Turner also said it is extremely important for the general public to feel as if Fort Gordon is a part of the community and that they can also have access to the base’s amenities such as Hilltop Riding Stable, the disc golf course, the bike trails, bowling and the archery and skeet ranges.
“We want the community to see us as Hephzibah, Martinez or Evans. We are just the city next door,” Turner said.
“And, if you have a valid reason to come on the fort and you want to use one our facilities, we want to welcome the local community.”
A few years ago, the Department of Defense issued a directive that those non-military personnel working at the fort and those visiting the installation would be required to go through a background check.
Initially, the gates did experience some backlog, but Turner explained that, over the past summer, Fort Gordon worked hard to smoothly implement the background checks and new gate requirements.
“We have no backlog now,” Turner said. “If you are going to a gate, and you just want access today, you should have that within about 5 to 8 minutes. If you have a reason to be on post, such as you are attending one of our Morale, Welfare and Recreation programs and you want a 12-month pass, you should be able to get that in 72 hours. It is a card you can swipe and come through. So, we have done significant work to make the gate access better and it has had a tremendous impact on our relationship with the local community.”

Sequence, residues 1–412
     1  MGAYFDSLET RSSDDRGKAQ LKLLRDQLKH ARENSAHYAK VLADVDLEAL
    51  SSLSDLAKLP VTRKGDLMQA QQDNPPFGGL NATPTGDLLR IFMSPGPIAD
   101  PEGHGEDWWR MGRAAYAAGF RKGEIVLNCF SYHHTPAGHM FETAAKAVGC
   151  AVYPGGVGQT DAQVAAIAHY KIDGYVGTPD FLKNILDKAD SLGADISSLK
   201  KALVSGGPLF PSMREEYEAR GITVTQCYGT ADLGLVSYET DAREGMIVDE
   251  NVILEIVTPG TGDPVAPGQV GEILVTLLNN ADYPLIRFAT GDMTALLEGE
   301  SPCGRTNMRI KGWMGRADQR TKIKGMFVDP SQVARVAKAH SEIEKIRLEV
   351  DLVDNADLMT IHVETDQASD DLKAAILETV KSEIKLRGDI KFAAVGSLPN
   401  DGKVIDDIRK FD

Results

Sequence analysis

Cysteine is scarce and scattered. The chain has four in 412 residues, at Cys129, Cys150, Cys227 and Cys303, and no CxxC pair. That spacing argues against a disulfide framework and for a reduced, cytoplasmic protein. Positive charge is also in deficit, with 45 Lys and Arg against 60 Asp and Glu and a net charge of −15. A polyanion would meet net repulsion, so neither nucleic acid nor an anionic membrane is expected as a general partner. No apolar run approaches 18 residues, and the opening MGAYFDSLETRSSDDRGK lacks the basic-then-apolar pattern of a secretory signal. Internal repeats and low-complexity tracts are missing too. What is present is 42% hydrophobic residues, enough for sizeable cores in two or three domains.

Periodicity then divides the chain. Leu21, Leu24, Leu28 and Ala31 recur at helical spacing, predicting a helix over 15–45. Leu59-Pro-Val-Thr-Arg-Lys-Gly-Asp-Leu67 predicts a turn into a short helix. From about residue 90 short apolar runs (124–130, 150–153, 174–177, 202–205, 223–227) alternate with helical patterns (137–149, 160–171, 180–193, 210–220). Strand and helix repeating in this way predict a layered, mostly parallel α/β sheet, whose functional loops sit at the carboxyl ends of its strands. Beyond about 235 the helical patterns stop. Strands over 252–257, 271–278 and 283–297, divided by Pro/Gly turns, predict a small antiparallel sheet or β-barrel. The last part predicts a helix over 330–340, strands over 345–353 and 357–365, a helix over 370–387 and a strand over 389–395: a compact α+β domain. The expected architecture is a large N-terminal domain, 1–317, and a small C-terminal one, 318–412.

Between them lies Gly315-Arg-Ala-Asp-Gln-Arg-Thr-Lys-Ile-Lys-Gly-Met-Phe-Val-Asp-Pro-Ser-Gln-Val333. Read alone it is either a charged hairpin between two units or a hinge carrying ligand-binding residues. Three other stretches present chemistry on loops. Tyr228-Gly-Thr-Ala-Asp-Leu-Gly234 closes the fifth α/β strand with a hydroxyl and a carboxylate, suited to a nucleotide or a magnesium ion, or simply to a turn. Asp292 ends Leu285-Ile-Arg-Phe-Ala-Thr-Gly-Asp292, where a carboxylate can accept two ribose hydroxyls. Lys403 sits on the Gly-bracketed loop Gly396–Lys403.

Just this past weekend, Fort Gordon hosted the Marine Mud Challenge which is a tremendously popular event that is growing larger each year, Turner said.
“This year, we are also going to host the Professional Disc Golf World Championship here at Fort Gordon in June,” he said. “And of course, we will have our Independence Day Celebration this year on Friday, June 30. That is always a hit. Last year, we had Cole Swindell at the celebration and we had 35,000 neighbors come to the fort that day. This year, we have Randy Houser, which is another country artist, and we are looking forward to that and inviting everyone to the fort.”
Having the surrounding community come and enjoy the fort is extremely important, but equally valuable is the tremendous support shown to the base and the military personnel by the entire Augusta area, Turner said.